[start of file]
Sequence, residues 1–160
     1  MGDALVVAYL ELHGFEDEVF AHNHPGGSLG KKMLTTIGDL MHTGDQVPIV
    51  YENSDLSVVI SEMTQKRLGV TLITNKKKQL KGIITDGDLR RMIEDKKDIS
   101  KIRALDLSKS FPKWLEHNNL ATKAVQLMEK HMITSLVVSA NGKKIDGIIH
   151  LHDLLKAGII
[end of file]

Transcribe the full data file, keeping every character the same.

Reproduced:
Sequence, residues 1–160
     1  MGDALVVAYL ELHGFEDEVF AHNHPGGSLG KKMLTTIGDL MHTGDQVPIV
    51  YENSDLSVVI SEMTQKRLGV TLITNKKKQL KGIITDGDLR RMIEDKKDIS
   101  KIRALDLSKS FPKWLEHNNL ATKAVQLMEK HMITSLVVSA NGKKIDGIIH
   151  LHDLLKAGII